CA Sandeep Kanoi
In the present case, admittedly, the driver of the vehicle possessed the documents relating to the goods and the Transit Declaration Form and the same were produced before the Commercial Tax Officer at the time of checking. Neither such Transit Declaration Form was found non-genuine or improper nor any details relating to the goods furnished in the Transit Declaration Form were found incorrect. No such finding has been recorded by any authority in this regard. There is absolutely no material on record to presume that the goods may be unloaded inside the State of U.P. and may not cross the State of U.P. The reasons given by the authorities for the seizure of the goods is hopeless, baseless and beyond the reasonable thoughts. The authority concerned has acted illegally and arbitrary manner, without any reason or basis merely on presumption, surmises and conjectures, appears to be with ulterior motive.
In case, if there is any discrepancy in respect of the earlier transaction, it is always open to the authority concerned to take necessary action in respect of such transaction. However, prima facie it appears that even in respect of earlier transaction also there is no material that the goods have been unloaded inside the State of U.P and did not cross the State of U.P. The inference is merely based on presumption, surmises and conjectures. In reply to the show cause notice, the applicant has categorically stated that no such statement has been given by the driver. In the seizure order nothing has been stated about such plea. Therefore, the reliance placed on the statement of the driver, is wholly unjustified. Further the presumption that the driver can not go and come from Delhi to Orissa within nine days, is merely based on presumption and inasmuch as has no relevance to the present transaction. No reason has been given by the Tribunal for saying that the applicant was not registered in respect of the goods. No such ground has been taken by the authorities below and there is no basis for the same. Even otherwise it has no relevance.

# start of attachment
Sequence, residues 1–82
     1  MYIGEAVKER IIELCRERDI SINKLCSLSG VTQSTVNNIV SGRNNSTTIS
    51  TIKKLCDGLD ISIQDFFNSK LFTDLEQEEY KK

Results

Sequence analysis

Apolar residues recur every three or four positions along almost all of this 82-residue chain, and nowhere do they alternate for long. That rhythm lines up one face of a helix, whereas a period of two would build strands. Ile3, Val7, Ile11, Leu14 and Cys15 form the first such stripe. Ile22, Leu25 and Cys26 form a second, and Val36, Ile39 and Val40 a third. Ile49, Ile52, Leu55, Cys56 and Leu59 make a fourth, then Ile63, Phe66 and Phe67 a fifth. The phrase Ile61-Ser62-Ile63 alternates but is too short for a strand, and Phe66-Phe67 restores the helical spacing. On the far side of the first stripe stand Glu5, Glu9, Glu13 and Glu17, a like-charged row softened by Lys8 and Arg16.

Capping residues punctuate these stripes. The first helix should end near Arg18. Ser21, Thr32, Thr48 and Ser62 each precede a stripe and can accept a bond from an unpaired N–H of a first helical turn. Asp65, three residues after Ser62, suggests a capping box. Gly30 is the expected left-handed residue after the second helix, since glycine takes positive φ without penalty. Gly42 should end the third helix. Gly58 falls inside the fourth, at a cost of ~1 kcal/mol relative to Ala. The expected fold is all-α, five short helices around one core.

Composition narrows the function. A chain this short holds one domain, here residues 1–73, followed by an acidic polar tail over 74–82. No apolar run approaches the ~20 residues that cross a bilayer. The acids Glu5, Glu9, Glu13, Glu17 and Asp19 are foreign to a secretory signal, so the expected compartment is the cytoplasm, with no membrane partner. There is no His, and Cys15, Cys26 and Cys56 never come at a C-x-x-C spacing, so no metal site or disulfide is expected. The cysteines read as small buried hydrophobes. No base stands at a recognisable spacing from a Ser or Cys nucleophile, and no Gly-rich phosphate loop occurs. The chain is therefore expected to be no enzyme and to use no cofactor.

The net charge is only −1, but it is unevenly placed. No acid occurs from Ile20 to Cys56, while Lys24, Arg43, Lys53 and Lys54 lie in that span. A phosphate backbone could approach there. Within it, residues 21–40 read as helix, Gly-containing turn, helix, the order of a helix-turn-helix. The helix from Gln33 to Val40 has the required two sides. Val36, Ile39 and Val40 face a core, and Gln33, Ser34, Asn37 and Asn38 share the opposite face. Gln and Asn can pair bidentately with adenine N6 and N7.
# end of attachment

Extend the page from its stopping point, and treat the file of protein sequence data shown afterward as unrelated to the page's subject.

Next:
It is also relevant to note that in the Transit Declaration Form, 22.06.2013 was the date mentioned, by which the vehicle had to leave the State of U.P. and that period had not been expired and the goods have been detained on 19.06.2013. In such situation the question of drawing the inference of sale of goods inside the State of U.P. does not arise.
Commissioner, Commercial Tax, reported in 2012 NTN (Vol.49), 19 this Court observed that “admittedly in the present case the goods were seized immediately on their entry in the State of U.P. without allowing the time for its exit to expire. In such situation, it is wrong to presume that the goods have been retained for the purposes of sale. Apart form the above, as the goods were duly accompanied by the requisite documents, no presumption arises under law that they were likely to be sold within the State of U.P.”
Similar view has been taken in the case of Commissioner, Commercial Tax Vs. M/s Gautam Pandey, reported in 2012 NTN (Vol.48), 194, wherein it has been held that the stage of inquiry or any investigation as to whether the goods have been imported in U.P. or are on the transit only, had not arrived as the detention was made prior to the time stipulated for the exit of goods mentioned in the transit declaration form.